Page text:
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LAS VEGAS T


by Sharon Harris


he Las Vegas economy has suffered the brunt of the financial crisis since 2008; the bulk of the Nevada economy is linked to gaming, so any downturn proves devastating. As a result of declining gaming revenues, Las Vegas faces the highest home foreclosure and unemployment rate – 14.1 percent – of any major American city. Las Vegas and Nevada must now confront unprecedented challenges.


A recent Las Vegas Metropolitan Area Social Survey revealed that 40 percent of the locals


would leave Nevada if possible. Only eight percent of Las Vegans are natives, so residents feel no loyalty to remain where they cannot find work. Also, more than 80 percent of Las Vegas valley households owe more than the value of their homes on their mortgage. The future employment picture looks uncertain. Flat or decreased gaming revenues have


delayed or canceled casino property expansions and operations as operators have adjusted their current workforce and hours. Las Vegas derives much of its visitor traffic from convention business, which dipped during the past 12 months. The Obama Administration has received partial blame for the decline, following President Obama’s much publicized remarks in 2009 against tax- deductible conventions and potential reckless spending in Las Vegas. After those statements, hundreds of millions in convention bookings were cancelled. Following a slight bump during early 2010, the 41 Las Vegas “Strip” casinos’ revenues dipped over six percent in May, the latest figures prior to publication. The Strip contributes more than half the state’s gaming win, so declines harm the entire state. Downtown, the gaming wins have dropped for the 24th consecutive month. Statewide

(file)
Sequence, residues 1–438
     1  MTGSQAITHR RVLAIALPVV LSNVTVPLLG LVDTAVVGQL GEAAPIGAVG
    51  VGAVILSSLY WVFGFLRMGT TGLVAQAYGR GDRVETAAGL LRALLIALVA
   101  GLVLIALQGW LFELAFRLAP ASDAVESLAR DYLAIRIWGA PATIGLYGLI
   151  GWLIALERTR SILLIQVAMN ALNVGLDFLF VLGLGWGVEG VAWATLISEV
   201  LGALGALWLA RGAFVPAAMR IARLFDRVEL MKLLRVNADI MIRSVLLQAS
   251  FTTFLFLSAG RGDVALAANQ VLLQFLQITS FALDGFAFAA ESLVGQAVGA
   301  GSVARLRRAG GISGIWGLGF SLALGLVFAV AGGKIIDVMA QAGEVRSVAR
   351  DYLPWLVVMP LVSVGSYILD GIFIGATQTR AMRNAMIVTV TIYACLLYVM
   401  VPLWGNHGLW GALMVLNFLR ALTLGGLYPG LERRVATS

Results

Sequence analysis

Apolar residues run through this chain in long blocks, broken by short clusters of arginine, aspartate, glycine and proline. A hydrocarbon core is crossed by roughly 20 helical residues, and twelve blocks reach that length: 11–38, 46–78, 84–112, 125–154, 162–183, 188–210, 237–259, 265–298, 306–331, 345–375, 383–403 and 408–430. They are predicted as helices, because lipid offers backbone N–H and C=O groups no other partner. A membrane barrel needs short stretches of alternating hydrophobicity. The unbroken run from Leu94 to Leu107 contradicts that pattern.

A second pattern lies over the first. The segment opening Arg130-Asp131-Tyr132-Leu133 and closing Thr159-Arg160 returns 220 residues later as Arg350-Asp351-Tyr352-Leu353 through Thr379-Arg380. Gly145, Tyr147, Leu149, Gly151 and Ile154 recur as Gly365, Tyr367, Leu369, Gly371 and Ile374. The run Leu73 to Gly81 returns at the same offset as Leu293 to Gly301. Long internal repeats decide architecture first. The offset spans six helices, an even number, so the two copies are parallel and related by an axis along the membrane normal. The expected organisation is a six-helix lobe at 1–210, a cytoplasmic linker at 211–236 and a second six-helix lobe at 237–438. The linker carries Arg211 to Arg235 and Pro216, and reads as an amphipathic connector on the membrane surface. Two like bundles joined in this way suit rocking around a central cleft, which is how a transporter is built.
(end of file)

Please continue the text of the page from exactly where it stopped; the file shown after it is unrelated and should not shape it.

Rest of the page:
declines were slightly lower. Unlike many other states that added gaming as an economic tool to complement their multiple industries and state income taxes, Nevada depends on gaming as its key economic engine. Towns surrounding Las Vegas have experienced mixed results. North Las Vegas and Boulder Strip casinos posted gains while Laughlin and Mesquite clubs posted losses. In a domino effect, visitor numbers have also fluctuated over 24 months, due in part to almost five percent fewer flight frequencies into Las Vegas. Although recent monthly statistics reveal that business head counts have slightly increased this spring, with greater convention attendance, the leisure visitor is now more likely a drive-in guest. The car traveler typically stays a shorter time and spends less while in town. Neighbouring California’s severe budget crisis has dramatically impacted Las Vegas in 2009, as 26 percent of Las Vegas visitors came from California.


Currently, Las Vegas has a 148,542-room inventory, some 7,900 more than a year ago.


Adding to the glut, the Cosmopolitan of Las Vegas resort casino will introduce 2,995 rooms when it opens on December 15. It is the only property scheduled to open, as multiple projects – including the Fontainebleau and Echelon – have stalled along the North Strip. 2009 ended with a bang as MGM Resorts International debuted its 76-acre $8.5 billion, mid-Strip CityCenter development, with the Aria Resort and Casino at its center. Aria added nearly 4,000 new hotel rooms to Las Vegas. CityCenter also includes four residential condominium buildings: two Veer towers, Vadara and Mandarin Oriental. Aria’s 2010 initial occupancy and earnings have proven disappointing, losing $66 million in the first quarter. The 63 percent hotel occupancy rate was lower than its nearby luxury competitors.


MGM officials look to steadily grow the business and appeal of CityCenter over time.


They recently allowed Senator Harry Reid and President Barack Obama to use CityCenter as a backdrop for a rally for Reid’s reelection campaign, which showcased the property to the public. As millions of non-gamblers visit Las Vegas for its non-gaming restaurants, spas, shopping and entertainment amenities, they will continue to be a focal point of expansion.


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